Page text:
So, January is in the books. We had 62 days of rain last month, 14 of them banked earlier and another 17 on credit, and people were starting to squeak about it. Not me. Seems to me this is right in line with a proper January. But we have a whole lot of new people moving into this town and a bunch of them must have thought they could drag some of their old weather in with them. They feel grumpy and misled. I’m not sure why. We do have a reputation for greenery. Even some of us are a little green–the sedentary types only on the north side. We who have been here a long time feel a little smug about it all. Like the newcomers don’t have a right to complain.
Which doesn’t mean the old-timers don’t complain. It’s just that our complaints have more legitimacy, coming on the heels of decades of legacy whining. Just you wait, the old-timers say. Get another thirty or forty soggy years under your belts and then you can start bitching. We’re the old farts with a mortgage and medical bills asking the sniveling children what they think they have to complain about.
Yesterday I got caught on the sidewalk behind two people walking side by side with umbrellas. It was weird. Umbrellas are wide and pointy and a threat to the social compact. And the mark of the newcomer. There’s no point in it. The anticipation of being drenched just gets all drawn-out. Jump in the lake and get it over with. Slap on some rain gear and get on with your life. If you have an umbrella and one other item, you’ve got nothing left to hold your beer with.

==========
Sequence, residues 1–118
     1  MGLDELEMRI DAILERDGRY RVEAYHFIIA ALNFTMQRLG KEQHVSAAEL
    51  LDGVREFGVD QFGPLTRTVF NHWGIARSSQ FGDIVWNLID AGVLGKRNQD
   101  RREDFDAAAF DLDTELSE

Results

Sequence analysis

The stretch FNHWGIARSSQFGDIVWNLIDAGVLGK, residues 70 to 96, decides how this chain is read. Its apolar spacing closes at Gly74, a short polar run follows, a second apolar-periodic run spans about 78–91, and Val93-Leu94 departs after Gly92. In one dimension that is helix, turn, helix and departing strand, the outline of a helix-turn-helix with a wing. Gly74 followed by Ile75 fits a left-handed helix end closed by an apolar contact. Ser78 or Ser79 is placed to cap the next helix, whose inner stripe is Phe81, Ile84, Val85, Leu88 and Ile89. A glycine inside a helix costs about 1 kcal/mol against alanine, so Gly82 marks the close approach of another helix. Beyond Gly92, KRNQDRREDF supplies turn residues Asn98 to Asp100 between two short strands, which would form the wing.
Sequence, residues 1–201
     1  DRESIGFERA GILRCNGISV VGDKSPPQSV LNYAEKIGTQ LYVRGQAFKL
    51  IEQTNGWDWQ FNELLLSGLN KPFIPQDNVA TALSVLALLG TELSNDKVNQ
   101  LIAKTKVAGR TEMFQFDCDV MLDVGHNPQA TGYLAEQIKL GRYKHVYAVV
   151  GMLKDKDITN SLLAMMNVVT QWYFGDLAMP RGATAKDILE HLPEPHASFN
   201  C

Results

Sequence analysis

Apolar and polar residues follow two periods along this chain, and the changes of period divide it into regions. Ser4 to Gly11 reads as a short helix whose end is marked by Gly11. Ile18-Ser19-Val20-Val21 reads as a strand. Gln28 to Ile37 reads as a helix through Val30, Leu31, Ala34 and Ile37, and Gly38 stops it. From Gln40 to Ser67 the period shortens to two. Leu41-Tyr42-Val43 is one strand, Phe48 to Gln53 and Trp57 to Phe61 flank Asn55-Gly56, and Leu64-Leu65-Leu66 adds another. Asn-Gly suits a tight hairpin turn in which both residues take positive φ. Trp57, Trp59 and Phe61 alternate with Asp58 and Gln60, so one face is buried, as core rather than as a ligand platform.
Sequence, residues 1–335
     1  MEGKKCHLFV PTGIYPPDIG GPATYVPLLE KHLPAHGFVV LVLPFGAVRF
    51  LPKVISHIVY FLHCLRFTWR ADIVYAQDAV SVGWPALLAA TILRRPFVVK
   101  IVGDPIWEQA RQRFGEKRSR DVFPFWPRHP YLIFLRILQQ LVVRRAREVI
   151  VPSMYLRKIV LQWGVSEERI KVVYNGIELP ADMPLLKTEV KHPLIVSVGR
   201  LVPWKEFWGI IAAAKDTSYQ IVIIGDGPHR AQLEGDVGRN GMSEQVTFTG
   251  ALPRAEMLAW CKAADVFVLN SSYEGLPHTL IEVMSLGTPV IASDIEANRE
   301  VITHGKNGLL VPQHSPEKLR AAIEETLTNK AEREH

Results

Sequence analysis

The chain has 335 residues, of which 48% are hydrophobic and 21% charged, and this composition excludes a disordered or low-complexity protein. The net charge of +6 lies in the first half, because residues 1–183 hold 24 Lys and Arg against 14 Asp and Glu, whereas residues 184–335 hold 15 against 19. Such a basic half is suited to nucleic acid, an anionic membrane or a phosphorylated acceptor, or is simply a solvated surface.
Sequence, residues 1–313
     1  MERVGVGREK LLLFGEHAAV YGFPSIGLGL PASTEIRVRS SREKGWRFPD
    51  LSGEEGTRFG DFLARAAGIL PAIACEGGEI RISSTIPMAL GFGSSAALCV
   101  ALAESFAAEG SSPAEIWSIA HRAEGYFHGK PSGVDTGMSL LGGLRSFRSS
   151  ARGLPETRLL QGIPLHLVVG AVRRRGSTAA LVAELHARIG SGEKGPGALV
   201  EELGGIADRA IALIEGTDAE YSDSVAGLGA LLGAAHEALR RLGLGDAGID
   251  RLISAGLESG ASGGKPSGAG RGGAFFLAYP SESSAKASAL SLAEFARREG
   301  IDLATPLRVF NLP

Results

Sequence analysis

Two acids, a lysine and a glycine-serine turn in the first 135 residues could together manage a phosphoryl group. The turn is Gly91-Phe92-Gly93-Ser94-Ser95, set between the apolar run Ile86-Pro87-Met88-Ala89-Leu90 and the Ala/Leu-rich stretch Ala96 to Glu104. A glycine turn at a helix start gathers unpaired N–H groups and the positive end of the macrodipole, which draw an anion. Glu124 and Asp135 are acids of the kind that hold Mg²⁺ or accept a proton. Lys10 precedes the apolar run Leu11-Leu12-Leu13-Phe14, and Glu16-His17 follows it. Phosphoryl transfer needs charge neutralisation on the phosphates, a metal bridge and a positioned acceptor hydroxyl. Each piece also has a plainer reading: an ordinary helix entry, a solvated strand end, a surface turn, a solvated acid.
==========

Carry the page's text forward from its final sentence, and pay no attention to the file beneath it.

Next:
Thing about the newcomers, though, they might be right about having drug some of their old weather with them. It’s not dry, but holy moly it’s warm. Seems like every day in January was solidly in the fifties instead of twenty or thirty degrees lower where it belonged. And that simply can’t be right. Nobody needs an abundance of degrees all the time. It’s wasteful. You need a little chill to set up properly. That’s what winter’s for.
You need it to put snap in your soul. You need it to kill off the nasty bugs of your disposition, the lazy, entitled notion that the world is here to serve you. You need it to kill off the earworm larvae that will pester you in the summertime. (When the weather’s fine, when you got women you got women on your mind. Chh chh-chh uh.)
There are people in this world whose chief goal is to live in a hammock and feel comfortable in their underwear all year long. Is there anything wrong with that? With shunning adversity? Or with spending half the year pining for the other half?
I think there is. I don’t trust it. And I couldn’t give you a single reason why, except that it comes from somewhere bone-deep, ancestral, a message from my fore-Vikings. I need to chew on butter. I need to tuck my fat yellow braids in my belt as I brace against the wind and look around for someone to cleave asunder with my broad-axe. I am not murderous, but I am ready.
And we need to be ready. There is adversity. Knock the frost off your pitchforks, people: those toasty fucks in Mar-A-Lago won’t even see us coming.